Coconut macaroons are a type of cookie consisting of a mound of shredded coconut held together by egg whites, cream of tartar, sweetened condensed milk and almond extract. You can find these cookies ready-made in your grocery store or make them at home. They impart a sweet taste and have a chewy texture.
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A two-cookie serving of coconut macaroons contains 100 to 150 calories, according to LIVESTRONG's food database MyPlate. The Diet Channel recommends keeping snacks between 100 to 200 calories, and two coconut macaroons fit this calorie range. You may also consider eating just one coconut macaroon along with a handful of raw carrots to boost the nutritional value of your snack.
Fat and Sugar
Two coconut macaroons contain six to 13 grams of fat, accounting for 12 to 27 percent of your daily value of calories. MayoClinic.com recommends limiting your fat intake to 20 to 35 percent of your total daily calories, or 44 to 78 grams.
As such, you may want to eat just one cookie to keep your fat intake down. Coconut contains natural sugars, although the sweetened condensed milk in the macaroons does contain added sugars. Two coconut macaroons have five grams of sugar. Added sugars should not exceed six to nine grams each day. Excess sugar and fat in your diet contributes to obesity as well as other medical conditions.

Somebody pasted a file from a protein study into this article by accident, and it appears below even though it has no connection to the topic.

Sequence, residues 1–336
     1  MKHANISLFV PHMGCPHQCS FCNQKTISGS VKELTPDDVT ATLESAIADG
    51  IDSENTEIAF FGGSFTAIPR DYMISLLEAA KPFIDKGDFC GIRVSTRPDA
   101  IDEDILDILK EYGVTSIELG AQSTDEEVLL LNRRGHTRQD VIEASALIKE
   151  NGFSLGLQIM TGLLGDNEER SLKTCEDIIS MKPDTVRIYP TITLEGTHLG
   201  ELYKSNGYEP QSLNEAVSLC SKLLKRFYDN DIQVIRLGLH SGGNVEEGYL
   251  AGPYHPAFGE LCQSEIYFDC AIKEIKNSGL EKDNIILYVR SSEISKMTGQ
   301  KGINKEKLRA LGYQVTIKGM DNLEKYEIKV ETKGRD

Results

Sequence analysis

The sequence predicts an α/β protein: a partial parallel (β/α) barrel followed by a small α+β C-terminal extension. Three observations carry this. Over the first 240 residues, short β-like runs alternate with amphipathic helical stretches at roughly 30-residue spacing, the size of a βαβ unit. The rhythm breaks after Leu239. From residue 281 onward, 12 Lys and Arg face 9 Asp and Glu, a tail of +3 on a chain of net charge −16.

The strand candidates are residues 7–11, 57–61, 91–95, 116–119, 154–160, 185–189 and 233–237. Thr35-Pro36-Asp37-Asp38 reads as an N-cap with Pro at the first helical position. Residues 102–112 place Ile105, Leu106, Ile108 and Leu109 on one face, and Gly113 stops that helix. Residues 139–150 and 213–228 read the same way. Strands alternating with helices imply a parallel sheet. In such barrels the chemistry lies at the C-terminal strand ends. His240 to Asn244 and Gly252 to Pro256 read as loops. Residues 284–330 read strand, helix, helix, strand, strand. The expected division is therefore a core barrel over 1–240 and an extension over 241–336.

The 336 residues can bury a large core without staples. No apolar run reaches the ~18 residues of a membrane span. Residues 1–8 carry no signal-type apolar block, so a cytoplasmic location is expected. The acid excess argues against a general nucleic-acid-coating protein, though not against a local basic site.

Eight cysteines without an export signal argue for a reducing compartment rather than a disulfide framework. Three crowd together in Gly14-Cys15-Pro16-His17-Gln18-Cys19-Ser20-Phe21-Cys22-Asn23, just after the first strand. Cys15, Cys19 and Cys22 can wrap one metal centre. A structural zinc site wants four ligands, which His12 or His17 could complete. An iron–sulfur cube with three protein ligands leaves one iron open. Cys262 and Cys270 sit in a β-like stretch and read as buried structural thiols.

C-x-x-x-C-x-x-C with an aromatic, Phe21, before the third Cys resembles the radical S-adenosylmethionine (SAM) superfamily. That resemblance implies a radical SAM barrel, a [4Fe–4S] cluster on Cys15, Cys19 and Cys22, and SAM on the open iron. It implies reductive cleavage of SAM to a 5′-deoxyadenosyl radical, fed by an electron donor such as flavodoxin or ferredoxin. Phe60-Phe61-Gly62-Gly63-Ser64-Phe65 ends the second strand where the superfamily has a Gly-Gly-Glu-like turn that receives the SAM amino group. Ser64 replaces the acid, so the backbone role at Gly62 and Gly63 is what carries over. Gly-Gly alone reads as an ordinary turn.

Each two cookie serving of coconut macaroons contains nine to 17 grams of carbohydrates. The Institute of Medicine recommends including 130 grams of carbohydrates in your diet each day to satisfy your energy needs.
Consuming fiber-rich foods can also help you lose weight. Two coconut macaroons provide 2 to 4 grams of fiber, which can keep you feeling full for longer.
Coconut macaroons also contain one to three grams of protein per two cookie portion. Protein also serves as a source of energy. Be sure to include 46 to 56 grams of protein in your daily meal plan.
Because coconut macaroons contain no leavening agents, such as baking powder or baking soda, this makes it an ideal cookie to serve during Passover, a Jewish holiday during which leavened foods are avoided. Consuming the meat of the coconut is recognized as a folk remedy in India, according to the Earth in Common website. No scientific research confirms this use.
More About MyPlate
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- Food Network: Coconut Macaroons Recipe
- MyFitnessPal: Home Made - Coconut Macaroons
- MyFitnessPal: Self Magazine - Coconut Macaroons
- The Diet Channel: Calories: What's an Ideal Daily Intake?
- Cleveland Clinic: Eating Too Much Sugar? It's Time to Tame Your Sweet Tooth
- The European Food Information Council: Carbohydrates